Like the 2011 U.S. raid in Pakistan in which al-Qaeda leader and 9/11 mastermind Osama bin Laden was killed, Saturday's raid in Syria conducted by American special operations troops that ended the life of ISIS leader Abu Bakr al-Baghdadi is cause for celebration - here at home and elsewhere.
No value exists in a recitation of savage atrocities for which ISIS is responsible; nations across the globe are familiar with them. It's enough to say the world is a safer place with al-Baghdadi dead.
We do not wish to engage in the misplaced discussion about the way in which President Trump described the U.S. raid in an address to the nation on Sunday or on the shallow debate about a White House photo of the president and his national security team in the Situation Room during the raid.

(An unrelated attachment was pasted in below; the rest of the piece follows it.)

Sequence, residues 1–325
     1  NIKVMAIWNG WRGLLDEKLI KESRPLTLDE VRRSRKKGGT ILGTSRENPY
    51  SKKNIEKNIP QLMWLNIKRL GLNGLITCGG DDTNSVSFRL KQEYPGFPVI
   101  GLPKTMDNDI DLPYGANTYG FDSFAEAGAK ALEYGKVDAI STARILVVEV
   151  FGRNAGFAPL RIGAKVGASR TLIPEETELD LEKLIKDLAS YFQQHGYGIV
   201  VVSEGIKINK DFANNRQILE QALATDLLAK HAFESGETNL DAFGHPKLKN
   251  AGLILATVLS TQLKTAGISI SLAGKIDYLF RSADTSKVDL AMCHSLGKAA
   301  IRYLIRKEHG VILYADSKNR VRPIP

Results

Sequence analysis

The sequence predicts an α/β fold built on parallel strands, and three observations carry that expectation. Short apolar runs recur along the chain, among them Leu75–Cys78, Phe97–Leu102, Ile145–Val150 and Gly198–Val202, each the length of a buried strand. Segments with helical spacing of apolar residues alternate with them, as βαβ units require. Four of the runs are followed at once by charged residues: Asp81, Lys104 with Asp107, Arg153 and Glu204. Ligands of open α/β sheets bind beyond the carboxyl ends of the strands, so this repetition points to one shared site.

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Aside from giving him the credit he deserves for approval of the mission, this story isn't about President Trump.
Rather, it's about U.S. troops who performed a mission fraught with danger under extraordinary conditions in flawless fashion. (One side note: Appropriately, the raid was code-named for Kayla Mueller, the American aid worker and ISIS hostage who died in captivity in 2015.)
Let's all keep our focus on these heroes for their demonstration of skill and courage in a place and in the face of circumstances about which most of us have little to no comprehension.
Finally, it's important to remember: While welcome and significant, the death of al-Baghdidi won't end ISIS. A new leader will emerge.
As a result, the perilous work of the United States and others to eliminate this evil must continue.